Ed Turner is one of Europe’s most extreme custom workshops. Owner Karl Renoult has a very clear and unapologetic vision: he builds each bike with “the sole purpose of giving it character and attitude.”
This is Karl’s most outré creation yet, a Kawasaki Z1000ST heavy on biblical references and christened Ezechiel 21, ‘The Sword.’
The Z1000ST is interesting enough in its own right—35 years ago, it was Kawasaki’s first shaft-drive motorcycle, and pumped out a solid 93 horses. But it was also a little staid. And that’s like a red rag to a bull for Karl.
The project was commissioned by Grégoire, a man counting his blessings after surviving the November 2015 attacks in Paris.
Grégoire wanted a machine with a powerful-looking frame, a springer front end, and beautiful finishes. The Z1000ST was chosen, largely for its powerful engine—this allowed Karl to devote most of the budget (“not crazy, but comfortable”) to the design.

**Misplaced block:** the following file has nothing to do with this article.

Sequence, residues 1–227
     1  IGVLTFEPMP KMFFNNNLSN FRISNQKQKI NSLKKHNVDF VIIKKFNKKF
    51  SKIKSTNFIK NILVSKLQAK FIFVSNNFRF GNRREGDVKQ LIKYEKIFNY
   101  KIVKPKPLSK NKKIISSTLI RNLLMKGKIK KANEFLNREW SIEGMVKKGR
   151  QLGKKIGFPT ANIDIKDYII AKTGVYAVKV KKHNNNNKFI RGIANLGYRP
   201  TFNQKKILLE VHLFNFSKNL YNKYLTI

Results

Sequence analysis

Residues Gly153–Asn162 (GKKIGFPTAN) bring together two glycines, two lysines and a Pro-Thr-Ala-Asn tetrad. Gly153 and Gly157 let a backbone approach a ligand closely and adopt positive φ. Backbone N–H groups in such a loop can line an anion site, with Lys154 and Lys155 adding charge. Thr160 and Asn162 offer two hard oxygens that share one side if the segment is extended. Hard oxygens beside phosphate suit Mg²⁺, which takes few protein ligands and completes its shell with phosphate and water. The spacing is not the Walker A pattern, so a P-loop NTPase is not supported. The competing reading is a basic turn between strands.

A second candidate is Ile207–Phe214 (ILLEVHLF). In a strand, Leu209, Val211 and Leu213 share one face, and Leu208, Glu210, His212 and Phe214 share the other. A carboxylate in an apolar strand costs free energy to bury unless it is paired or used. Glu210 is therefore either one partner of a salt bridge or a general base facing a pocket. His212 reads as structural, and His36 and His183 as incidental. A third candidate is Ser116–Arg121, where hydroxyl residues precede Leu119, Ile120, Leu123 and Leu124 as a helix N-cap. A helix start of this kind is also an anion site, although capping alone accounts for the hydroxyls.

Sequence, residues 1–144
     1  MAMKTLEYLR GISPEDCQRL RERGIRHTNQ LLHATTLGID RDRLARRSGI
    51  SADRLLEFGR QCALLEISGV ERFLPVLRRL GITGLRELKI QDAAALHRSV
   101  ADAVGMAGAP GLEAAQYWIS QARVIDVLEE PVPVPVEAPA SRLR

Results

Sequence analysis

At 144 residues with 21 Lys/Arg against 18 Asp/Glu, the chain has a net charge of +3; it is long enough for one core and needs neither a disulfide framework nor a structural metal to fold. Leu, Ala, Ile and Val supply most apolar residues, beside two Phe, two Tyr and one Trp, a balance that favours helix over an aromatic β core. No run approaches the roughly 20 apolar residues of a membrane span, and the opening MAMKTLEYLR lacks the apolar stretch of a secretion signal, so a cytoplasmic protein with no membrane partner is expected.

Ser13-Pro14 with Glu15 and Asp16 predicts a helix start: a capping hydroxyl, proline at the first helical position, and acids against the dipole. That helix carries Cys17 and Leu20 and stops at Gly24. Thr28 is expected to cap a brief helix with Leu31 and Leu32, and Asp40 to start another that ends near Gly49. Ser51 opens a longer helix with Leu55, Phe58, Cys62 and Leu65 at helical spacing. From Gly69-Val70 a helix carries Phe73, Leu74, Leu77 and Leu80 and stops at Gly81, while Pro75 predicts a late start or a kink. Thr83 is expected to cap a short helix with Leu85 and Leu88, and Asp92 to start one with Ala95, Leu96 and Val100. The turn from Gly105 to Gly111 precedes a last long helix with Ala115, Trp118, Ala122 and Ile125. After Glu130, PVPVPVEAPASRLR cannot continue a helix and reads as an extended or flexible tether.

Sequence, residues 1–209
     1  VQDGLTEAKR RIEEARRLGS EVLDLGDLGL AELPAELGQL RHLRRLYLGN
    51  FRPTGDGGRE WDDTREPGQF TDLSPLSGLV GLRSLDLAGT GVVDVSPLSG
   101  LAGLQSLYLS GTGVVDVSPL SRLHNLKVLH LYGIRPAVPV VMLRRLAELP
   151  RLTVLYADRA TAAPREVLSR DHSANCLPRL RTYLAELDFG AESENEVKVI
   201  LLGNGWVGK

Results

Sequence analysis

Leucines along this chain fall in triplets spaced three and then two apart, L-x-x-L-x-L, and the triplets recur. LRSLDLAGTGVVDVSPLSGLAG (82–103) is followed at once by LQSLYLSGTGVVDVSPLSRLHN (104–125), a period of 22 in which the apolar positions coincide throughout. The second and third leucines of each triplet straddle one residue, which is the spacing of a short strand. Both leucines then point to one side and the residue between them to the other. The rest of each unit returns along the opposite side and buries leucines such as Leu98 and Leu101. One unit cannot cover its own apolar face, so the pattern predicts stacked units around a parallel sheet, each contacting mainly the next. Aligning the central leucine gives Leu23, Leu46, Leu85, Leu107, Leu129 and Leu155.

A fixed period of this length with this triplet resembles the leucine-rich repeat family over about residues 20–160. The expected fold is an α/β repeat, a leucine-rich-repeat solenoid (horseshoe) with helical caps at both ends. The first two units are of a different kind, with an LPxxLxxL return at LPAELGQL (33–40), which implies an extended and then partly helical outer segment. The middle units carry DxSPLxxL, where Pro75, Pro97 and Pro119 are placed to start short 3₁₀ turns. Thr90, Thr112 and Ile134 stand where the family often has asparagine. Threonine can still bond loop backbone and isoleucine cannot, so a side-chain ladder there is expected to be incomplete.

The chassis took shape rapidly, with a sleeker profile at the back. But Karl resisted the temptation to mess too much with the stock wheels: “I find them pretty cool when polished and adapted to the CBR forks.”
The Honda forks have been ‘emptied and springerized’ using custom dampers built by Shaft Racing. It’s a most unusual setup; the suspension duties have been moved from the fork springs to the shock nestling between the yokes.
“But as usual, surrounded by my mates Joe, Mikael and Gael, we tinkered with this thing and it works pretty well.”
Everything else is kept to the minimum—specifically, a tank that does not exceed five liters in capacity, and a microscopic brake light and flashers under the custom saddle, masterfully crafted by Red’s Leather.
It was time for divine intervention, so Karl chose a few lines of Ezekiel 21 from the Old Testament to decorate the tank. “A rather creepy passage which speaks of a sword sharpened and polished—and a God who, for once, seems really pissed off and ready to fight.”
To complete The Sword, Karl called in the Breton artisans at Stick Your Cycles to handle the engraving. He Then fabricated the bars and the stainless steel exhaust, and refinished the engine cases in green.
After several months of work, the Kawasaki was finally ready to hit the autoroute.
Amen to that.